Wiley’s Predatory Behavior: My Recent Experience and Recommendations

Predatory publishers of scientific journals engage in unethical behavior, so you should steer clear of them. Until now, I had thought Wiley did not behave like them. But a recent incident made me change my mind.

Wiley’s predatory behavior that I’m going to describe in this blog post is relatively new, in my opinion, but not totally novel. I admit, I started becoming suspicious of Wiley at some point during the pandemic when most people were stuck at home, and clogging journal submission portals submitting new manuscripts. Then more recently, I became aware of this article in RetractionWatch titled, “Exclusive: Hindawi and Wiley to retract over 500 papers linked to peer review rings”.

Wiley’s predatory behavior was immediately apparent to me simply by them being linked in any way to Hindawi! I didn’t realize Wiley was partnering with Hindawi. Both Hindawi and MDPI are publishers that have been accused of being predatory, but fought back. So what was Wiley doing hanging around with those bad actors?

Wiley’s predatory behavior in this current incident puts them firmly on my personal journal publisher blacklist. I will not recommend publishing in their journals to my customers, nor will I submit manuscripts myself to them. Here is what happened.

The Situation

My customer, ABC, is cross-trained in a clinical specialty and epidemiology, but she doesn’t do her own biostatistics. She asked me to analyze a surveillance dataset and help her prepare an article for one of Wiley’s clinical journals. She paid me to do the statistical work and the gruntwork of preparing the manuscript and managing the submission (as well as internal scientific review), so she named me in the paper’s acknowledgement, and submitted it as a single author.

The clinical journal recommended that the manuscript be transferred to another Wiley journal titled Public Health Challenges. Since it was an epidemiologic analysis, they thought this audience would be more interested. The transfer on Wiley’s journal portal went smoothly, and Public Health Challenges – an open access journal – quickly confirmed receipt and put it under review.

Here’s Where the Predatory Part Starts

Within four weeks, ABC received a request for revision. The request included the following:

  • A few terse, vague requests from the Editor
  • A few confusing requests from Reviewer 1
  • Several reasonable requests from Reviewer 2
  • Several paragraphs of hostile criticism from the Associate Editor – along with a PDF showing screen shots of edits done in track changes in Word throughout the entire manuscript

I put a few of the more confusing examples on the graphic below.

As can be seen by the graphic, the Associate Editor is essentially acting like a reviewer – and seems to be contradicting the reviewers. The Associate Editor was telling us to add a lot more information – and this contradicted the Editor, who wanted us to reduce the wording.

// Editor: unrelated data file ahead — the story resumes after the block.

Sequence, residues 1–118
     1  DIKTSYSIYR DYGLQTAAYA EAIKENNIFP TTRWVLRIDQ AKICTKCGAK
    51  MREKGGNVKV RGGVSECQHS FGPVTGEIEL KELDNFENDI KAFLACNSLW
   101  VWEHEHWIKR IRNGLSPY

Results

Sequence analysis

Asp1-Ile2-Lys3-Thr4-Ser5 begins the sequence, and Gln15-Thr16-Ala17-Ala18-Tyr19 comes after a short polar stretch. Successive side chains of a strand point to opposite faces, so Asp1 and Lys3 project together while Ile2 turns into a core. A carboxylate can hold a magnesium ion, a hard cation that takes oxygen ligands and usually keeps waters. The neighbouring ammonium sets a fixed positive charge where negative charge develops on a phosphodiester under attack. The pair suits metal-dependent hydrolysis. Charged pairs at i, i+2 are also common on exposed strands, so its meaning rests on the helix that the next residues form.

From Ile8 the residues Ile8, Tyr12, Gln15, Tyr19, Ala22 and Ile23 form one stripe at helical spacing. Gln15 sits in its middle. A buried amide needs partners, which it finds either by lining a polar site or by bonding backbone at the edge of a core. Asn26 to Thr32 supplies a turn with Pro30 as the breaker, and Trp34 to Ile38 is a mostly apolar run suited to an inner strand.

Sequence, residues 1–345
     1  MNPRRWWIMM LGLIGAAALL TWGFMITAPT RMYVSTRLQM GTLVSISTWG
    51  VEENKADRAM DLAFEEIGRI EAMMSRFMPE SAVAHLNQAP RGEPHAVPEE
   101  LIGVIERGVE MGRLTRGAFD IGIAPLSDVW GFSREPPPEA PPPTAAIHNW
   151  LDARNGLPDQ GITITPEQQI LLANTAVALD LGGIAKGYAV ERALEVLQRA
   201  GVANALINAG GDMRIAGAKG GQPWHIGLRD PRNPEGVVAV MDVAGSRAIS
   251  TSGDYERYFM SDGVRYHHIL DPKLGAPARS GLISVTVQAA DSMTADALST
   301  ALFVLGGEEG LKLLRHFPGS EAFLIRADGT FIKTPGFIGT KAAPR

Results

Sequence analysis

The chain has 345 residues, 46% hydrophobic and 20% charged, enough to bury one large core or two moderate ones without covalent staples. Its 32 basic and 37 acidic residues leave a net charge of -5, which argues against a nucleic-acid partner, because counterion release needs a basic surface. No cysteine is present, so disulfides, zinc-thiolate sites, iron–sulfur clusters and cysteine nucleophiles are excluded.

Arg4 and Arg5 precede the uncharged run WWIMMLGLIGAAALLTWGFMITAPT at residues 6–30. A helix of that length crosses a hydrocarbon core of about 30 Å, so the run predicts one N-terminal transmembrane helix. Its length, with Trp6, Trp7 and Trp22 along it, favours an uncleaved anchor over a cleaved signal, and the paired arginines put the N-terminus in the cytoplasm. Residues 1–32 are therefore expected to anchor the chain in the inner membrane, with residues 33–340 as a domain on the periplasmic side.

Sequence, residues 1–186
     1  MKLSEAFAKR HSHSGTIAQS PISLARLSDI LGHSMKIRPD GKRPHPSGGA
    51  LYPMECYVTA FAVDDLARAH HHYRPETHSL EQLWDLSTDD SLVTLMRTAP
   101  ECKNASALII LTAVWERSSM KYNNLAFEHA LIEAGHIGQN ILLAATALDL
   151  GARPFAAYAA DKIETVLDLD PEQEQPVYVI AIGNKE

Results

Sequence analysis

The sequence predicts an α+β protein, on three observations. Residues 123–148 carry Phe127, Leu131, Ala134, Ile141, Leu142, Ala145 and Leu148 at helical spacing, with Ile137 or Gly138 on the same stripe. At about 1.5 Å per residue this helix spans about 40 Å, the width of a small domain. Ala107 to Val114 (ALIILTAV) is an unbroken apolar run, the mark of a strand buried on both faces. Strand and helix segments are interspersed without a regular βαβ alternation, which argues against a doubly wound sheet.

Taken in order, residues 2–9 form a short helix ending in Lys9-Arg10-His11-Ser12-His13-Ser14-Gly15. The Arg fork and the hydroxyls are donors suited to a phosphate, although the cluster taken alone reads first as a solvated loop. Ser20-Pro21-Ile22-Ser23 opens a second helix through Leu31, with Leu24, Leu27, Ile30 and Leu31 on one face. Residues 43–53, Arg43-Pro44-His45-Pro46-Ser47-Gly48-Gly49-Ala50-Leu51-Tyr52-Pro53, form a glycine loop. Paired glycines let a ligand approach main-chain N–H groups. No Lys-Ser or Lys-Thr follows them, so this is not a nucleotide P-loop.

Further, observing what was said by this editor of a public health journal, I was surprised to see that this person didn’t seem to understand how you can have two levels of a categorical independent variable in a logistic regression model in the reference group. Imagine you have a four-level independent variable, with levels A, B, C, and D, and you make D the reference group, and indicator variables for A, B, and C. If in modeling, the indicator variable for A does not meet the criteria for being retained in the model, then it is dropped from the model, and becomes part of the reference category. In the end, you will have indicator variables B and C retained in the model, each having their own slopes, and each being compared to the reference category of A and D combined.

If the Associate Editor from Public Health Challenges doesn’t know this, I don’t know what to do – eat my p-hat?

I identified the ethical problem as, “An editor is acting like a reviewer”. If you are ever an editor and you send out the manuscript for review, and you get two short reviews like this, and you think the reviewers missed something, then don’t do what these people did. Instead, find more reviewers in the specialties that could catch the things you think are wrong with it, and get those reviews. I sometimes am answering to five or six reviewers, so this is the way to handle it if you are an editor and you don’t feel two reviews covers what concerns you in a submitted manuscript.

I advised ABC of the situation. She has a lot of experience and realized how unprofessional this was. Together, we decided to appeal the peer review. I have never done that, so I went back to the journal web site and started trying to figure out how to do that.

What are the Committee on Publication Ethics (COPE) Guidelines?